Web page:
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When Milliseconds Matter: Optimize Real-Time Data Sources Before It’s Too Late

In this special guest feature, Sam Mahalingam, Chief Technology Officer, at Altair Knowledge Works, believes that when milliseconds matter, it’s important to optimize real-time data sources before it’s too late. With more than 20 years of experience in software development, software architecture, technical management, and project management, Mahalingam focuses on shaping the current products and identifying newer products and solutions to ease the cloud adoption and mobile strategy for Altair customers both in simulation lifecycle management and high-performance computing lifecycle management.

Data drives business. And regardless of the sector or the scope of your business, chances are you’re storing vast quantities of data. Business applications including security, network communications, fraud detection, retail purchase activities, energy utilization, and production processes are all producing an endless stream of data to monitor and track. Additionally, that data is being captured through a wide array of sources including IoT sensors, and are being delivered via an even larger variety of message queues like Kafka, Solace, ActiveMQ, RabbitMQ and more. 

Operators, analysts, and users … the people at the core of your business need to be able to make decisions based on this flood of real-time data. That means they need visualization tools to allow them to compile all of the information, access it quickly and compare it against historical data. 

Companies with a large number of assets, such as those with fleets of vehicles, are finding these toolsets crucial to monitoring business. They’ve taken to building “mission control” facilities where they can track the movement of each vehicle, their fuel economy and the efficiency of each driver. When you have thousands of vehicles deployed all over the country it’s important to have all of that information centralized. Trying to gather meaningful insights from several different databases with a whole team of analysts at the helm is far more difficult and not nearly as efficient.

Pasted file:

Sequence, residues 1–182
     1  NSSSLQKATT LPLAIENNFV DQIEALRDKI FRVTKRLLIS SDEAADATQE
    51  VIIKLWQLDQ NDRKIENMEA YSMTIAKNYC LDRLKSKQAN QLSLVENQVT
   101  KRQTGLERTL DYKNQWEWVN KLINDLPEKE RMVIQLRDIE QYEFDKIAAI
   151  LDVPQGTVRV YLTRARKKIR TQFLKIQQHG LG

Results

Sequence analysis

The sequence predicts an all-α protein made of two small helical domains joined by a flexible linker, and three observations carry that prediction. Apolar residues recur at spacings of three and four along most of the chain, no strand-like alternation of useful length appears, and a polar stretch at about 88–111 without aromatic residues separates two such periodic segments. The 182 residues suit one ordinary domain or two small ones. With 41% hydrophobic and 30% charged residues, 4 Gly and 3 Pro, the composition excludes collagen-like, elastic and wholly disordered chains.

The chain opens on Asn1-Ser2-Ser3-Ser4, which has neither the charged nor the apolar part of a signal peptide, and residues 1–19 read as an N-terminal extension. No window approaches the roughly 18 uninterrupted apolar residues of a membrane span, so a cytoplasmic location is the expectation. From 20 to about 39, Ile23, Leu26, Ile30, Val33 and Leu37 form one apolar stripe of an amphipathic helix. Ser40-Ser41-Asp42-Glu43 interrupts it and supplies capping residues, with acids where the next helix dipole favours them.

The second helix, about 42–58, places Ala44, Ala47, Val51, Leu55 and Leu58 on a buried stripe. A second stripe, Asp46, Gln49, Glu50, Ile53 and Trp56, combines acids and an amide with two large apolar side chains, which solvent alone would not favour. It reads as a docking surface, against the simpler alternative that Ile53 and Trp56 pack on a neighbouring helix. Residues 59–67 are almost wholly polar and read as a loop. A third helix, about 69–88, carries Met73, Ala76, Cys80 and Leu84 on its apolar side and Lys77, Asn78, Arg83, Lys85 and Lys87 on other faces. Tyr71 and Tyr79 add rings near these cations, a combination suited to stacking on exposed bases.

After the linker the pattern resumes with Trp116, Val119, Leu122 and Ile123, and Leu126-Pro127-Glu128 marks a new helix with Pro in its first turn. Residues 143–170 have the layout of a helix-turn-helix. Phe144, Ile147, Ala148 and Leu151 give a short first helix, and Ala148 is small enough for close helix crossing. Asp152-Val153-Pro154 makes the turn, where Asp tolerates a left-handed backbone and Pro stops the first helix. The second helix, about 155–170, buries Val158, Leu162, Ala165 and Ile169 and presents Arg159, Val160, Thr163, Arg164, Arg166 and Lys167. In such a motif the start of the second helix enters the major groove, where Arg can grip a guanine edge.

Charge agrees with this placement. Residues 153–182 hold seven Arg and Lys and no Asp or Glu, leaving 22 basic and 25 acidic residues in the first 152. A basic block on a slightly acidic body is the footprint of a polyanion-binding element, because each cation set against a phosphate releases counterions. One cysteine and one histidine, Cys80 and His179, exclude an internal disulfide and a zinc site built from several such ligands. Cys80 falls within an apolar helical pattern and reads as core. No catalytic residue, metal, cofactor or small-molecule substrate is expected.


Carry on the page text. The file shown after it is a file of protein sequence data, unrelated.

Additionally, when it comes to spotting anomalies, you often don’t know what you are looking for until you find it. Going back to the fleet of vehicles, let’s say an operator notices that vehicles in a particular region are deviating from the optimal route. From there (with the right tools and data) the analyst can drill down and find out whether the drivers are partaking in fraudulent activity, such as delivering packages to places they’re not supposed to or if the new route is a result of ongoing road construction. If it turns out to be the latter of the two, there may be a more optimal path that can be planned for the drivers during the time of construction, saving the company a considerable amount of money and time.

The goal of these data-driven solutions is to facilitate intelligent information-backed decisions that improve operations. To enable this, companies need to act quickly. Operators need to be able to find and identify these anomalies and tackle the small problems before they become a much larger issue. 

All too often companies build business intelligence (BI) systems that give high-level visibility into the past days’ performance. That’s no longer adequate. Waiting until the end-of-day or even worse, end-of-week, instead of identifying and addressing issues in real-time, will put you behind your competitors. Time matters. For some industries, it’s nanoseconds, others milliseconds and sometimes seconds, but rarely are hours or days good enough.